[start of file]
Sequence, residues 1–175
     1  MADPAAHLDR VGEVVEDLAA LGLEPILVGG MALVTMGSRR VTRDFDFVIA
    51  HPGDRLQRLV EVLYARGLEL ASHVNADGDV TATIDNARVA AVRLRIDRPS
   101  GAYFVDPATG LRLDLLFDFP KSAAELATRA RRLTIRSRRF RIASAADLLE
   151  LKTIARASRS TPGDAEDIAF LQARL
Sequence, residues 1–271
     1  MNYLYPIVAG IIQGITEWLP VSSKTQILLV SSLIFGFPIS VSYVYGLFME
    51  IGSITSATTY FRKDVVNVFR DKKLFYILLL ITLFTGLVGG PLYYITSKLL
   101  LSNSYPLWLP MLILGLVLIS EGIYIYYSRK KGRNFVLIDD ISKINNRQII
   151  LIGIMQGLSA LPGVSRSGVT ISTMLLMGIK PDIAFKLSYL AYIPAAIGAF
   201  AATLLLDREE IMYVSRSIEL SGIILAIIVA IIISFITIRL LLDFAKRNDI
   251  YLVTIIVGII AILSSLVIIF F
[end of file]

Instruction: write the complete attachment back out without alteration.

Sequence, residues 1–175
     1  MADPAAHLDR VGEVVEDLAA LGLEPILVGG MALVTMGSRR VTRDFDFVIA
    51  HPGDRLQRLV EVLYARGLEL ASHVNADGDV TATIDNARVA AVRLRIDRPS
   101  GAYFVDPATG LRLDLLFDFP KSAAELATRA RRLTIRSRRF RIASAADLLE
   151  LKTIARASRS TPGDAEDIAF LQARL
Sequence, residues 1–271
     1  MNYLYPIVAG IIQGITEWLP VSSKTQILLV SSLIFGFPIS VSYVYGLFME
    51  IGSITSATTY FRKDVVNVFR DKKLFYILLL ITLFTGLVGG PLYYITSKLL
   101  LSNSYPLWLP MLILGLVLIS EGIYIYYSRK KGRNFVLIDD ISKINNRQII
   151  LIGIMQGLSA LPGVSRSGVT ISTMLLMGIK PDIAFKLSYL AYIPAAIGAF
   201  AATLLLDREE IMYVSRSIEL SGIILAIIVA IIISFITIRL LLDFAKRNDI
   251  YLVTIIVGII AILSSLVIIF F